Presbyterian Healthcare Services initiated a Hospital at Home program  in New Mexico; one which was devised by investigators at Johns Hopkins in 2008.

The premise is that:

  • Most people would prefer to recover at home in contrast to a traditional hospital
  • Home care is cheaper
  • Home care is safer

Researchers found that it was cheaper indeed- 19% less than those treated in the hospital.  Clinical outcomes were the same or better for the patients recovering at home.

Additional benefits to come out of the study led by Lesley Cryer, RN, executive director of the Home Healthcare Division of Presbyterian Healthcare Services were:

  • Lower mortality rate (.93% vs. 3.4%
  • Lower fall rate (0 vs. .8%)
  • Shorter recovery rate (1.2 days less on average)

Requirements to enroll into the program included the patient location- home must be within 25 miles of an emergency department.

Chronic medical conditions evaluated:

  • Cellulitis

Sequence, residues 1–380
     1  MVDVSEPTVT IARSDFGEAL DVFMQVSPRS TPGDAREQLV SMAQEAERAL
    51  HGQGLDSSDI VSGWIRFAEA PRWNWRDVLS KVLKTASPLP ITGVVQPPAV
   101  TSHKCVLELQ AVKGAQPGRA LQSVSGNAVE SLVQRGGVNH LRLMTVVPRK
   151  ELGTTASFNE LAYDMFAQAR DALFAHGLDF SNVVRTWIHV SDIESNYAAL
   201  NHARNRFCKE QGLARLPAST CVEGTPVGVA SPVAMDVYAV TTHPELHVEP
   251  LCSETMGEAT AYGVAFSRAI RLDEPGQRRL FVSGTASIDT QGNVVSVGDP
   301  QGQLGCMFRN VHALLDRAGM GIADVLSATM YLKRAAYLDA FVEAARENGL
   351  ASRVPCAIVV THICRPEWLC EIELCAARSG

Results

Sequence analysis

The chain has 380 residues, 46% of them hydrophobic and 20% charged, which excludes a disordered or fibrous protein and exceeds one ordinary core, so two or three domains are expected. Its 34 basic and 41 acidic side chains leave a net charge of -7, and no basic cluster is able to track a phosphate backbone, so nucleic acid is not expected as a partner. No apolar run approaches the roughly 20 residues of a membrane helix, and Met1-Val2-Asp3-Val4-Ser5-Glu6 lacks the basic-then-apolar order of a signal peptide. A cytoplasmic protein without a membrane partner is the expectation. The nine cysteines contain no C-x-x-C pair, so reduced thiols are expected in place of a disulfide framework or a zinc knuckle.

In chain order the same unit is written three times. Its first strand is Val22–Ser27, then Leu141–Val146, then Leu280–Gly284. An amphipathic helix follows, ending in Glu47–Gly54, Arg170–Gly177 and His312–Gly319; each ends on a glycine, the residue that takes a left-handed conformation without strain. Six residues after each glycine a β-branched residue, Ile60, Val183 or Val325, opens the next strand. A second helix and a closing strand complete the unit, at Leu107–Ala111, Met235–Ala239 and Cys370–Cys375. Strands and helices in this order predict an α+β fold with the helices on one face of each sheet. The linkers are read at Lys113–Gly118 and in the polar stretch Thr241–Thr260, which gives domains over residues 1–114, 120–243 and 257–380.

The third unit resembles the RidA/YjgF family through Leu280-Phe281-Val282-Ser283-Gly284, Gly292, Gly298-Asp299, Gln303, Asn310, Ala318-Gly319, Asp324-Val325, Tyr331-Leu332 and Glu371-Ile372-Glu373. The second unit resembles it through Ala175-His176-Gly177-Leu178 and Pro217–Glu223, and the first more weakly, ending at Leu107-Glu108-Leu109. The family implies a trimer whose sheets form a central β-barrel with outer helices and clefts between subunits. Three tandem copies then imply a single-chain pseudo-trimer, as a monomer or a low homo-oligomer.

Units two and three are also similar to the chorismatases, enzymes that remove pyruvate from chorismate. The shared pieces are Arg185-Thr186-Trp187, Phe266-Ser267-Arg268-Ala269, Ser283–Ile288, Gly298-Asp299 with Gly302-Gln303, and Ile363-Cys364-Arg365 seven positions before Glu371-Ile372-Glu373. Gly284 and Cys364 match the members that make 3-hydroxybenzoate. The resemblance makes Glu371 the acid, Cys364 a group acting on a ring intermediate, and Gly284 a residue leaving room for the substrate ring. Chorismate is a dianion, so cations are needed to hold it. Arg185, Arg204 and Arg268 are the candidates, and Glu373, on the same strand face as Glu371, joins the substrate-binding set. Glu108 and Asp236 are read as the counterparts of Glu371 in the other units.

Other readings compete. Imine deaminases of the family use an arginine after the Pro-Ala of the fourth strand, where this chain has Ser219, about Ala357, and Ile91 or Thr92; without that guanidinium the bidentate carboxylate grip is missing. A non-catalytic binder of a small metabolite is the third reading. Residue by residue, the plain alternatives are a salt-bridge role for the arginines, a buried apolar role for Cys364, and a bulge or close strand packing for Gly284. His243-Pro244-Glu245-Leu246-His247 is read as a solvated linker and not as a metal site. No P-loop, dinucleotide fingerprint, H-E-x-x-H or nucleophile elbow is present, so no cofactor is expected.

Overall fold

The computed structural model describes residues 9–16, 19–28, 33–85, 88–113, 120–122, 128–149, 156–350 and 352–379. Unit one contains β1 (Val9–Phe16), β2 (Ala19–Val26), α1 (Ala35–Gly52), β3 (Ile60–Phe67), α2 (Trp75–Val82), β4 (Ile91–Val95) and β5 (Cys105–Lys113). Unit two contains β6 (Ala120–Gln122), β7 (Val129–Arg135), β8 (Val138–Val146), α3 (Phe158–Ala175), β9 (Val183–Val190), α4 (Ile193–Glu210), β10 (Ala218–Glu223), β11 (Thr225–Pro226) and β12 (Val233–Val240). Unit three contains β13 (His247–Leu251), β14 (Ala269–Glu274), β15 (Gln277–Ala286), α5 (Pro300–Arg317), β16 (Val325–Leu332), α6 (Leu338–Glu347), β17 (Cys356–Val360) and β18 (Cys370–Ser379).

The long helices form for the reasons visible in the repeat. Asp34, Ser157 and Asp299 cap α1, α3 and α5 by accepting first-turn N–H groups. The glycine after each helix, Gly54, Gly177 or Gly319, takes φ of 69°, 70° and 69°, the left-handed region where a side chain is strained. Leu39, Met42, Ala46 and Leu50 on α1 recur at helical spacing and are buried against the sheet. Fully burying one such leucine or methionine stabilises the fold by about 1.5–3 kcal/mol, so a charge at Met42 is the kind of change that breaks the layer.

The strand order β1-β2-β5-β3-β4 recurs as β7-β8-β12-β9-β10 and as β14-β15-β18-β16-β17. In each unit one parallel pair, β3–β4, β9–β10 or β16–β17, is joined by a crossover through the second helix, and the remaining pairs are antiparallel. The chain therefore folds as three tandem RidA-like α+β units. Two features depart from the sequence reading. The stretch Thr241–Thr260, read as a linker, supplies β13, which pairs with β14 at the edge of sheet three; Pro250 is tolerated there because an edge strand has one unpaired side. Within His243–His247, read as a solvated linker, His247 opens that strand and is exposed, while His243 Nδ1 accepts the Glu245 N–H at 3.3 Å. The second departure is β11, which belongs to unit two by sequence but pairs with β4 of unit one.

• Deep vein thrmobosis
  • Urosepsis (severe urinary tract infection)
  • COPD (chronic obstructive pulmonary disease)
  • Congestive heart failure
  • Walking pneumonia
  • Dehydration
  • GI symptoms
  • Health Affairs just published a study in its June issue that generic ventolin 100 mcg inhaler examined a “hospital at Home” model.

Each patient was visited by nursing staff once or twice daily and a physician was available 24/7 for emergencies. Telehealth units were also erected in the home with pulse and blood pressure monitors, glucometer and patient ability to speak with nurses via video systems.

The study published in the June issue of Health Affairs reports that there was a 38% reduction in mortality at 6 months and 19% lower costs, much of it due to less frequent lab testing. Not surprisingly, 90% of patients had a much greater satisfaction with the recovery. (as opposed to 83%). Funnily enough, home recovering patients complained about the food more!

The drawback with setting up these patient-centric programs in many hospitals centers around payment.  While the cost is less for home recovery, Medicare and many third party payers, do not reimburse for home recovery, only  fee-for-service treatment in hospitals.

Perhaps it is time for this to change!